Minister of Pacific Peoples Alfred Ngaro revealed his strong South Auckland connection visiting the Manukau Institute of Technology as special guest speaker at its latest networking event hosted by the MIT Pasifika Development team.
Minister Ngaro pointed out that his son Rocxie and daughter Winona (a former SPASIFIK intern) were both students at MIT, with Rocxie taking a chef’s course and Winona a communications degree. Alfred often had the job of picking them after classes.
“I remember Rocxie wanted to take a gap year off, but I said it’s important to finish the job and leave MIT with the ticket in hand, whether it’s a trade qualification, a diploma degree … something tangible,” Alfred recalls.
“So he stuck with it, got his qualifications and is now seeing the world and earning a living while doing so.”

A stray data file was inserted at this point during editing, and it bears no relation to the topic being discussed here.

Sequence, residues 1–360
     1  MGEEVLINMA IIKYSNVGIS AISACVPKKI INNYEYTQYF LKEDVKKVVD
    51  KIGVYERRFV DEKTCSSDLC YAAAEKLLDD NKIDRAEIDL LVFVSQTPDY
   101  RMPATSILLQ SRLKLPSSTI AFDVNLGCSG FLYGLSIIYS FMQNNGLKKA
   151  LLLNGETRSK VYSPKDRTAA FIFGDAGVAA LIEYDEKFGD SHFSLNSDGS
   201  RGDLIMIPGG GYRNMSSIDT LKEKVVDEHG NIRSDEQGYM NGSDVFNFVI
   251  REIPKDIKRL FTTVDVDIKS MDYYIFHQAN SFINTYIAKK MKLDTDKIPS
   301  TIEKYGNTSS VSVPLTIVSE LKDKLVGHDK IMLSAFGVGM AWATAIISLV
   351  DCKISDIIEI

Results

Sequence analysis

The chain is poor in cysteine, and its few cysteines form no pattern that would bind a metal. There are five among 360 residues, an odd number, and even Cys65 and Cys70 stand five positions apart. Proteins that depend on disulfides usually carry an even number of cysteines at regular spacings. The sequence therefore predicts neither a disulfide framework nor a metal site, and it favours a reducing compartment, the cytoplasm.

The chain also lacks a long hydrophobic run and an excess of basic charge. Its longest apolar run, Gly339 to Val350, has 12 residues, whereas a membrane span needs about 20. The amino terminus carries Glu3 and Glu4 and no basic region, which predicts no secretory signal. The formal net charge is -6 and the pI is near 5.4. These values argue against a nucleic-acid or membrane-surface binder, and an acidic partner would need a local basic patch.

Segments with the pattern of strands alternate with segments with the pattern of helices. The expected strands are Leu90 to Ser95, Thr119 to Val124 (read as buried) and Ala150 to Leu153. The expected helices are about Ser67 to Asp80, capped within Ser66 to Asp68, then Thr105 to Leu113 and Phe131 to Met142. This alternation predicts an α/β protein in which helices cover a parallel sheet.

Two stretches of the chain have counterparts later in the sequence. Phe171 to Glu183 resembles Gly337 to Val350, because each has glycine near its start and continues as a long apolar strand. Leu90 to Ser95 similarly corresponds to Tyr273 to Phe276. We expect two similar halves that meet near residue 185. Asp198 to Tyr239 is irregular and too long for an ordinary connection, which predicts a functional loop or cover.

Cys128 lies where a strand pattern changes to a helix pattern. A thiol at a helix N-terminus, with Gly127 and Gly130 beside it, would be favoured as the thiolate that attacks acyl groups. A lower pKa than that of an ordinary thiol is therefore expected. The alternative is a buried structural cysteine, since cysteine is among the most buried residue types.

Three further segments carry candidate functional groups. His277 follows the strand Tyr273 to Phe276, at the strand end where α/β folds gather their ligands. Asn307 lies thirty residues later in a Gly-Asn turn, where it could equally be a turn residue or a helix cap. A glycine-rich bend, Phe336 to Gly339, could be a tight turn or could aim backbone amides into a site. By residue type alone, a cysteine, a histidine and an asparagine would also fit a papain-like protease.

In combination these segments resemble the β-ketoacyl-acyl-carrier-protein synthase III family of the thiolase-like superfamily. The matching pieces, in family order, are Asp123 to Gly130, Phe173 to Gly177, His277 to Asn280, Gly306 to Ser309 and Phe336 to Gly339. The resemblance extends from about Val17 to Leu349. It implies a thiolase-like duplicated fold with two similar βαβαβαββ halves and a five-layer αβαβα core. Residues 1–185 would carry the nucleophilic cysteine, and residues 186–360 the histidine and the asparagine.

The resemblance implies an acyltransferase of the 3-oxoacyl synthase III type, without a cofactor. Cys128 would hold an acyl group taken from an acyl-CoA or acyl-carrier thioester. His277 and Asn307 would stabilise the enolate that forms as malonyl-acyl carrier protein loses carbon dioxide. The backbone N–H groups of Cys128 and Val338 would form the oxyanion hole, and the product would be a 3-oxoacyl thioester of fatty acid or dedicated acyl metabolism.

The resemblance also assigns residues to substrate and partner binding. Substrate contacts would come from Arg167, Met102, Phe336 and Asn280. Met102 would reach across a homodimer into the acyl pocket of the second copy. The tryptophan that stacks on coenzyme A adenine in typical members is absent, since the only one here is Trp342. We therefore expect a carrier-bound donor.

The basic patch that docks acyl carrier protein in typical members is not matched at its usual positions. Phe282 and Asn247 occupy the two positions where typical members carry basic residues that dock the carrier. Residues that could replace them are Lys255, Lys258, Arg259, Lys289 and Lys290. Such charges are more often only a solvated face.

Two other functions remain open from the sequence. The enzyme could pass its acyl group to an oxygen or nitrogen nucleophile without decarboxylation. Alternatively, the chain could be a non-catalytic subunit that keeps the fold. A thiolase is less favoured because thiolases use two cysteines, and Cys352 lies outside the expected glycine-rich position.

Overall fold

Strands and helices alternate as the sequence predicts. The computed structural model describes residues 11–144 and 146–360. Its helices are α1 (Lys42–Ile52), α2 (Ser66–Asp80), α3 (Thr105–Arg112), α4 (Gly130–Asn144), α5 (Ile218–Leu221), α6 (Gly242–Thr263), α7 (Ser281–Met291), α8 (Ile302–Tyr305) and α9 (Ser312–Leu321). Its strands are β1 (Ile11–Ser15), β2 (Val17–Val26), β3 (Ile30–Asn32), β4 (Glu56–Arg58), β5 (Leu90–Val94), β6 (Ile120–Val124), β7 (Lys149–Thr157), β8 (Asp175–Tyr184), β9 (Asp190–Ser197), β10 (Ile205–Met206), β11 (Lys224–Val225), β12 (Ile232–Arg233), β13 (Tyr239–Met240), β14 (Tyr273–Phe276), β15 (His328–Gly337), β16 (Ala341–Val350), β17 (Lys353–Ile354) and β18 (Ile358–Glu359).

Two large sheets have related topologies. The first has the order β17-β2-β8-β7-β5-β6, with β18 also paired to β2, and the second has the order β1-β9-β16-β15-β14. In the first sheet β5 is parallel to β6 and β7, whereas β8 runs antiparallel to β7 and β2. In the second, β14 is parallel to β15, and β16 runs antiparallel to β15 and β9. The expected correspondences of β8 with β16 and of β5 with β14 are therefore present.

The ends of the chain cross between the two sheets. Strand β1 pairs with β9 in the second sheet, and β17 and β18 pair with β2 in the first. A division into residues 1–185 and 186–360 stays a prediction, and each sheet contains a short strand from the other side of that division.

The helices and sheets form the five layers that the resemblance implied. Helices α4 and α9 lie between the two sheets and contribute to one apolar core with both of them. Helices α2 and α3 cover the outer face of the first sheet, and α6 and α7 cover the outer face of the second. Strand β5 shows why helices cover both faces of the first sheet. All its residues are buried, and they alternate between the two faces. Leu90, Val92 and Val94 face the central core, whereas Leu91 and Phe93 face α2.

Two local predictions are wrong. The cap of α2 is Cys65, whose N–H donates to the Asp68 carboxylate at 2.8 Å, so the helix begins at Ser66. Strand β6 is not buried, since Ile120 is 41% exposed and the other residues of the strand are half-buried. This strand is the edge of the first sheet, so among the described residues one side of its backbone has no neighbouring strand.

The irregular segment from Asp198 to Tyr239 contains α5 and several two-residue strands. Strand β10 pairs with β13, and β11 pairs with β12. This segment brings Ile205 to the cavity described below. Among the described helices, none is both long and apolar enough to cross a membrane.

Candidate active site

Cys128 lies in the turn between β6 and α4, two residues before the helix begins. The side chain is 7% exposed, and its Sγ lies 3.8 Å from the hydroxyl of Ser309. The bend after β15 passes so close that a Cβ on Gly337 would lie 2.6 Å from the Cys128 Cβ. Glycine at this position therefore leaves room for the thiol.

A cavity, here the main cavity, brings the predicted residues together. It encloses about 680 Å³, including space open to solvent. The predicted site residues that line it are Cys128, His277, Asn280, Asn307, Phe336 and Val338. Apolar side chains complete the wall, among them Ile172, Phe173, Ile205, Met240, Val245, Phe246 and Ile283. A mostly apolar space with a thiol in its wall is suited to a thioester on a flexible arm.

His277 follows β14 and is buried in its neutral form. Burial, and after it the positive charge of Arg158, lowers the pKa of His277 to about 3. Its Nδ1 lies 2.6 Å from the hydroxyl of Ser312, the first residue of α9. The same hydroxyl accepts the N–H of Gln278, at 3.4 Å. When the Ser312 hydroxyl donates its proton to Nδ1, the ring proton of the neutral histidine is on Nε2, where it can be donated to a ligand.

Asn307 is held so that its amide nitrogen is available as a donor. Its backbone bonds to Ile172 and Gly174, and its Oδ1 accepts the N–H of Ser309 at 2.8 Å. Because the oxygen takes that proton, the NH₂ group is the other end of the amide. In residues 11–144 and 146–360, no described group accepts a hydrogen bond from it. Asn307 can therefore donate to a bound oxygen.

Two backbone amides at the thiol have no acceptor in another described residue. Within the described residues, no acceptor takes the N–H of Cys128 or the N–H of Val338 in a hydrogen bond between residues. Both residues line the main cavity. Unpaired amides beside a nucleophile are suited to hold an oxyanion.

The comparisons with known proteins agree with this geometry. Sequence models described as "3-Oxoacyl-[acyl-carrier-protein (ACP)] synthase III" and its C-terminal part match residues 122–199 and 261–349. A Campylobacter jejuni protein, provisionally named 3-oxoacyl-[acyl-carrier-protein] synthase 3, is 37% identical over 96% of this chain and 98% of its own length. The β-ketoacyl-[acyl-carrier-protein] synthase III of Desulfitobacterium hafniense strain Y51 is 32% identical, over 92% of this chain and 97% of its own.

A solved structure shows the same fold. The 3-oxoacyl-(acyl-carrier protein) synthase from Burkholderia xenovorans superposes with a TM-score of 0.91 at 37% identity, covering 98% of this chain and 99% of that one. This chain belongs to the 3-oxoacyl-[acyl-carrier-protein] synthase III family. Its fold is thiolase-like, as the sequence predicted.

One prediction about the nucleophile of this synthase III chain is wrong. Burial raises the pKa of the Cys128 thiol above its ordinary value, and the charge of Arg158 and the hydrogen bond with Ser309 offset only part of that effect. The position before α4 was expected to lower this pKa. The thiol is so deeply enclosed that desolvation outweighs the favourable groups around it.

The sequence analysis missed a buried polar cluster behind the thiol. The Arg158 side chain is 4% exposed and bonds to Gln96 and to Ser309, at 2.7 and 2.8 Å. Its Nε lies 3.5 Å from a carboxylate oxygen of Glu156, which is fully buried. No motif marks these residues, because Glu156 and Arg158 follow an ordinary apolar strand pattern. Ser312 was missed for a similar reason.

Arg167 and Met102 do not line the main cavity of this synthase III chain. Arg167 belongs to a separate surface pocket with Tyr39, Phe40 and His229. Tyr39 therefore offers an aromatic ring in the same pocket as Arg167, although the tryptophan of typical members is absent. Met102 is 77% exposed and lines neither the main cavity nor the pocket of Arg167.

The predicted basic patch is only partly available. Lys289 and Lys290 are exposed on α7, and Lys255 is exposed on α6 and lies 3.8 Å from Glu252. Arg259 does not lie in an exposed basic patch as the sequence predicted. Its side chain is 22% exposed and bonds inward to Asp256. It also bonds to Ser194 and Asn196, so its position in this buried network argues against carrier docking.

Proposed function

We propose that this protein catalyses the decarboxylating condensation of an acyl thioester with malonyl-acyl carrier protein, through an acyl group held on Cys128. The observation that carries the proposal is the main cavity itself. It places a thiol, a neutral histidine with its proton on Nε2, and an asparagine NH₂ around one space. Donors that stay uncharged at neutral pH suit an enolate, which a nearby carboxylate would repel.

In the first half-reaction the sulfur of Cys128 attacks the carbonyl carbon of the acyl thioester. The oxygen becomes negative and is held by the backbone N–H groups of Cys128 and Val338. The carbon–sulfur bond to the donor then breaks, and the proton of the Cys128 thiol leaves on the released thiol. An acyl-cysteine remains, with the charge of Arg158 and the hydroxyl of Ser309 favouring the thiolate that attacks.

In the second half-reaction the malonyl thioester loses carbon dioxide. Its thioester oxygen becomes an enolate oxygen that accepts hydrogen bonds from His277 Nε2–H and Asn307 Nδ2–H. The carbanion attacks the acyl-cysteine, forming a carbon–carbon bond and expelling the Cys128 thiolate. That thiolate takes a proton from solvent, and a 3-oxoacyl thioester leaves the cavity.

Although Alfred grew up in West Auckland, his wife Mokauina’s family, the Fuemanas, lived in Otara near MIT, as did his uncle. He cites the world success Pauly Fuemana from OMC (Otara Millionaires Club) had with the mid-1990s hit How Bizarre.
“Sometimes we think our circumstances define our destiny, but Pauly is proof that it’s not the case,” he says.
The Minister is determined to push education and to see more Pacific people play a prominent role in government.
“In 2004 Pacific had 7% representation of those working in government. As of last year that had risen, but only by 1.1%. It’s not good enough,” he says.
“Things generally don’t happen unless there’s a KPI (Key Performance Indicator) to aim towards because they hold government to account. If we can grow the Pacific presence and increase our leadership at the higher levels, we will have a voice.”